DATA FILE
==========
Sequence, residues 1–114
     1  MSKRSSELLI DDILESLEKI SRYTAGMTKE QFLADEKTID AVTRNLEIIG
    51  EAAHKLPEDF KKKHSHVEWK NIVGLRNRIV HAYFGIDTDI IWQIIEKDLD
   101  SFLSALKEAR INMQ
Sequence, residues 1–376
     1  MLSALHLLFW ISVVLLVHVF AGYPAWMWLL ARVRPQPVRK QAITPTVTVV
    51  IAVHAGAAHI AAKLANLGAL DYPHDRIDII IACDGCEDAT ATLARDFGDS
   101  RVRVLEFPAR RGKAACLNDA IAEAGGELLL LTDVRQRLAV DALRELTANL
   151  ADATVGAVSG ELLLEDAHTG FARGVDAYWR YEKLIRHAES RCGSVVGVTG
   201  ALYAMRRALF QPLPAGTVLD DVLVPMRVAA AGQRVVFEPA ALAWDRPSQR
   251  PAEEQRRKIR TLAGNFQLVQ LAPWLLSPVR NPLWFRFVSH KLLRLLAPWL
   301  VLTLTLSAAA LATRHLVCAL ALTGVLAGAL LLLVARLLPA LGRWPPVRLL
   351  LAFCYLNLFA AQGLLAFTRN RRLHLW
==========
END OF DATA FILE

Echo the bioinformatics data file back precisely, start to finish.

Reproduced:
Sequence, residues 1–114
     1  MSKRSSELLI DDILESLEKI SRYTAGMTKE QFLADEKTID AVTRNLEIIG
    51  EAAHKLPEDF KKKHSHVEWK NIVGLRNRIV HAYFGIDTDI IWQIIEKDLD
   101  SFLSALKEAR INMQ
Sequence, residues 1–376
     1  MLSALHLLFW ISVVLLVHVF AGYPAWMWLL ARVRPQPVRK QAITPTVTVV
    51  IAVHAGAAHI AAKLANLGAL DYPHDRIDII IACDGCEDAT ATLARDFGDS
   101  RVRVLEFPAR RGKAACLNDA IAEAGGELLL LTDVRQRLAV DALRELTANL
   151  ADATVGAVSG ELLLEDAHTG FARGVDAYWR YEKLIRHAES RCGSVVGVTG
   201  ALYAMRRALF QPLPAGTVLD DVLVPMRVAA AGQRVVFEPA ALAWDRPSQR
   251  PAEEQRRKIR TLAGNFQLVQ LAPWLLSPVR NPLWFRFVSH KLLRLLAPWL
   301  VLTLTLSAAA LATRHLVCAL ALTGVLAGAL LLLVARLLPA LGRWPPVRLL
   351  LAFCYLNLFA AQGLLAFTRN RRLHLW